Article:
Hypertension is a complex disease process involving many pathophysiological changes. In this program project, the individual research topics focus on the theme that cytokines contribute to abnormal blood pressure regulation in angiotensin II-induced hypertension. The strategy of the group is to monitor many relevant variables during the development of hypertension with the goal of defining the complete sequence of events from the introduction of an intervention (angiotensin II or cage switch stress) to the resultant elevation in blood pressure. Among these variables are alterations in neural and endocrine factors, cellular events and molecular and gene characteristics. Five principal investigators from two administrative units have joined to study these changes. Animal models will include mice and rats (experimental hypertension and genetically modified). Among the specific variables measured will be the following: mRNA for specific proteins, enzyme activities, genetic associations, vascular reactivity, blood pressure, hormone levels, endothelium-derived products, cytokines, calcium, reactive oxygen species and arachidonic acid metabolites. Research strategies will utilize the professional expertise and equipment described in two of the core units (Core A, Animal and Core B, Biochemistry). Biostatistical support and scientific management will be coordinated through the Administrative Unit. From these integrated projects, a better understanding of the factors contributing to hypertension will emerge.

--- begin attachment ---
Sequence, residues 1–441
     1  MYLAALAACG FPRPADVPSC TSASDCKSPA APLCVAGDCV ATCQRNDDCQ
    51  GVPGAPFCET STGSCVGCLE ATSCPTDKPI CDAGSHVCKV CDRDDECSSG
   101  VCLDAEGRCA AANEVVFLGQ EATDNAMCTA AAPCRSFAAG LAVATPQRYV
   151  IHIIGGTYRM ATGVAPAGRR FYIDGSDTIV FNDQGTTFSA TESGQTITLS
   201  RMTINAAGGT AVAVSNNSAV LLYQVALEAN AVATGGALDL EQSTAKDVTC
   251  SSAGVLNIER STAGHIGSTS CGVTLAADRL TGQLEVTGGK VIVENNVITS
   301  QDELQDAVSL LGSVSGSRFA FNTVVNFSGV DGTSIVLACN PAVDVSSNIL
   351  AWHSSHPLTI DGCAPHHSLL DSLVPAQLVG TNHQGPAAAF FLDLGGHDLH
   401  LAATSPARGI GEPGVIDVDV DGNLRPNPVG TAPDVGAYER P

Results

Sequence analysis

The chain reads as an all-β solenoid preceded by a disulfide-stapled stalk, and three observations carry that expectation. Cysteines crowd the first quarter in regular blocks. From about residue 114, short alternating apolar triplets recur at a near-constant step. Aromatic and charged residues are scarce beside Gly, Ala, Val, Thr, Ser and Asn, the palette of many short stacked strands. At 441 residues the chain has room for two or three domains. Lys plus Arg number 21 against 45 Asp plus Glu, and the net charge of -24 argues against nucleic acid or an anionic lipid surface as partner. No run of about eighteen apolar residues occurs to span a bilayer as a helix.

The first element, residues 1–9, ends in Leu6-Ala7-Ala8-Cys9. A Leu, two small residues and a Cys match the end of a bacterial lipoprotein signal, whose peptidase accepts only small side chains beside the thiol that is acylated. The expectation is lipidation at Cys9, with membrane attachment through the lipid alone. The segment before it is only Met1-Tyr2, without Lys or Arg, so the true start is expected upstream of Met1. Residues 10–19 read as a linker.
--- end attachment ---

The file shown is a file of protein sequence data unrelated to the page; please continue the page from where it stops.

National Institute of Health (NIH)
National Heart, Lung, and Blood Institute (NHLBI)
Research Program Projects (P01)
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Heart, Lung, and Blood Initial Review Group (HLBP)
Program Officer
Velletri, Paul A
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Georgia Health Sciences University
Physical Medicine & Rehab
Schools of Medicine
United States
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Guan, Z; Wang, F; Cui, X et al. (2018) Mechanisms of sphingosine-1-phosphate-mediated vasoconstriction of rat afferent arterioles. Acta Physiol (Oxf) 222:
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